From the stone-hearted Baldev from Dilwale Dulhania Le Jayenge to Amu’s father in Thappad, Mahavir Singh Phogat in Dangal and now Gunjan Saxena’s father in the film, Bollywood seems to be revisiting its representation of the father-daughter relationship from a feminist point of view. Bollywood now seems to have cracked that feminist fathers are an excellent representation to further the tried, tested and successful formula that is, women empowerment. However, several instances of this trope had been furthered on the backs of the mothers who seem to have continued to peddle patriarchal notions and values. Just so as to amplify the feminist fathers’ ideals, the trend seems to be to villainise the mothers. This dichotomy becomes evident onscreen in films likes Thappad, Gunjan Saxena, Dangal, and Bareilly ki Barfi. It goes without saying that films like Gunjan Saxena and Dangal are biopics inspired and/or representing real life events, the increased representation of the feminist fathers by Bollywood is still at play here.
This article attempts to question and highlight this dichotomy of the feminist fathers and conservative mothers that Bollywood seems to be cashing in beneath the claims of women empowerment.
As soon as Amrita (actor Tapsee Pannu) was slapped by her husband in Thappad, her mother-in-law and mother asked her to continue to cater to the guests to avoid publicising the issue in front of others in the party. Her mother, played convincingly as ever by Ratna Pathak Shah, is later shown explaining to Amu that this is quite common a sight in Indian marriages. Her husband is further seen justifying his action that no Indian woman leaves her home just because of a slap. And last but not the least, the domestic help at their home strengthens her belief that be it any social class – domestic violence is acceptable. Three dominant characters in this movie: Amu’s lawyer, the domestic help, the mother-in-law, and the protagonist’s mother seem to normalise the act of domestic violence.
Meanwhile Amu’s feminist father is shown exhibiting steadfast conviction in his daughter’s decision to separate while rendering complete emotional support to her. While this is a whiff of fresh air and a welcome portrayal of a father who is not shaming his daughter to return to her husband, the characterisation is no doubt strengthened by the comparatively weakened will of Amu’s mother to support her daughter. When looked at from a feminist lens, this raises the question: Why do we need to show women pulling other women down to assert on the feminist ideals of the man in the family? Will showing the mother and the father equivocally supporting Amu’s decision represent the father as any less of a feminist?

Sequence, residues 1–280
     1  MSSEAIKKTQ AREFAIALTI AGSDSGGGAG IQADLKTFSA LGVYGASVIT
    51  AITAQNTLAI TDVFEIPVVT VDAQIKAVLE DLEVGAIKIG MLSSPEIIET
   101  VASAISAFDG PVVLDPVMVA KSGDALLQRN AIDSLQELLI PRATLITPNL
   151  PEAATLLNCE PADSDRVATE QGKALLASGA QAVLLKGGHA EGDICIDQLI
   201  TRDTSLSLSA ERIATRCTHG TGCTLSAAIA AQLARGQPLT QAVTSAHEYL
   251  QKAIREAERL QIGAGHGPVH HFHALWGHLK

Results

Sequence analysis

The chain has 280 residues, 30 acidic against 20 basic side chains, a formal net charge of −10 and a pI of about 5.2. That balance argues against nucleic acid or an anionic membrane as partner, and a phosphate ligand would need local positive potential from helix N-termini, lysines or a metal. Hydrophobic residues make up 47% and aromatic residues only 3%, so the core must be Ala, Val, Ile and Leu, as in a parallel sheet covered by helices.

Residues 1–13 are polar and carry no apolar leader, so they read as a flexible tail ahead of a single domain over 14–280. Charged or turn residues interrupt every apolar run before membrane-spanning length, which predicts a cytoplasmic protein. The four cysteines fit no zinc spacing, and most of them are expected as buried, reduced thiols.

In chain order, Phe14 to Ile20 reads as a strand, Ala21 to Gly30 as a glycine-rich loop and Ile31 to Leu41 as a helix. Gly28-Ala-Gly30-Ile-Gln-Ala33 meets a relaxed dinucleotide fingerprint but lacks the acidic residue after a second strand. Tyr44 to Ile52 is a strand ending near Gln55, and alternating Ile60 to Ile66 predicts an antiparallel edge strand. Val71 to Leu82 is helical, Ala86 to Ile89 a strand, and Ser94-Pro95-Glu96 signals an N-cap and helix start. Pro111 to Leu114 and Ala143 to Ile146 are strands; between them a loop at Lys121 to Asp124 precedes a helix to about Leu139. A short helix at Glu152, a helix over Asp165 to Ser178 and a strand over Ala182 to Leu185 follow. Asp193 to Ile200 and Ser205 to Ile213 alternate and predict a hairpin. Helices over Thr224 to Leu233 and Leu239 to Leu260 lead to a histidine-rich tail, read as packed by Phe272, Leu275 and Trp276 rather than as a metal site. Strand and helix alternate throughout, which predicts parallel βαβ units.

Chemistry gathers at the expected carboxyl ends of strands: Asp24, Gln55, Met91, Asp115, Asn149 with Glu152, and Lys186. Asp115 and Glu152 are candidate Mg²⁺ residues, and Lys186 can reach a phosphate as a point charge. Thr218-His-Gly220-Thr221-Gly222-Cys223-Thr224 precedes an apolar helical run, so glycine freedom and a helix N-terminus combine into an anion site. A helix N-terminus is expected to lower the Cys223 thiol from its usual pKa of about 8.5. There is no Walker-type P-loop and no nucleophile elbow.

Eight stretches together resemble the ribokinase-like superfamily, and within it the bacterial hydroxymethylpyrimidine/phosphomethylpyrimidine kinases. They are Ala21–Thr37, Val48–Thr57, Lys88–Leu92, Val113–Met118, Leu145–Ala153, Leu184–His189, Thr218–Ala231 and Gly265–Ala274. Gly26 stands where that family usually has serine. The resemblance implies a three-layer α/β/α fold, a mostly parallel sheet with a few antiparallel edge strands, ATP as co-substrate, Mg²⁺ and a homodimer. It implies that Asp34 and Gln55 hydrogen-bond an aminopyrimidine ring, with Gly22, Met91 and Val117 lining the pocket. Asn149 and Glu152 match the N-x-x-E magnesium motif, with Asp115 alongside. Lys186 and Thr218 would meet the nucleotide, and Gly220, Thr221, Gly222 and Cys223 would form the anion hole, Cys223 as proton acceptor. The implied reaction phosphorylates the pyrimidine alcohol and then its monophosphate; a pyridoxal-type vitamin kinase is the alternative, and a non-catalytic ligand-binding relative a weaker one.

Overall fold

Gunjan Saxena (played by actor Jahnvi Kapoor) is shown as someone passionate about becoming a pilot and whose ambitions are nurtured by the support of her father. Her supportive and feminist father in the movie (played with so much warmth and conviction by actor Pankaj Tripathi) at one point, clearly states how women themselves cage their beliefs, acts, and freedom. Her mother, meanwhile is shown inclining towards getting her married than supporting her career.
In Dangal, it was again the father (actor Aamir Khan) who fought to train and ensure his daughters become professional wrestlers. We also see a glimpse of the feminist father’s juxtaposition against a rigid mother in Bareilly ki Barfi. The trope is also repeated in the series Four More Shots Please! where Siddhi Patel (Maanvi Gagroo) has a supportive father as opposed to a mother who shames her choices.
No, really, we aren’t being a killjoy here: We are loving the supportive, feminist fathers and how! Our point of contention is how to underline the same, Bollywood continues to show the other parent, mostly the mother, as radically opposite and therefore, conservative.
So the question really is: Is Bollywood really progressing albeit with a skewered representation of feminist mothers or is it a reflection of what we have and what is missing – actual wholesome feminist parents?
Sanjoni Sethi is a mental health scholar. She completed her Master’s Programme in Clinical Psychology (M.Sc Clinical Psychology) from Christ College, Bengaluru & Bachelors in Psychology Hons from Delhi University. Currently, she is an M.Phil scholar studying Clinical Psychology. She has worked with underprivileged children on topics of emotions and societal influence, and with elderly population on depression. She is the recipient of IJRULA award winner as the Best Revolutionist 2018 for her paper “Societal Influence on Emotional Competence”. She is also a certified First-Aid Trainer from “East West Rescue Organization”. She has been solely managing the city branch of an NGO and has been involved with various NGO’s for over 7 years. Sanjoni writes a mental health blog known as ‘TheMadnessforReal’ . She can be found on Facebook, Twitter, Instagram and Linkedin.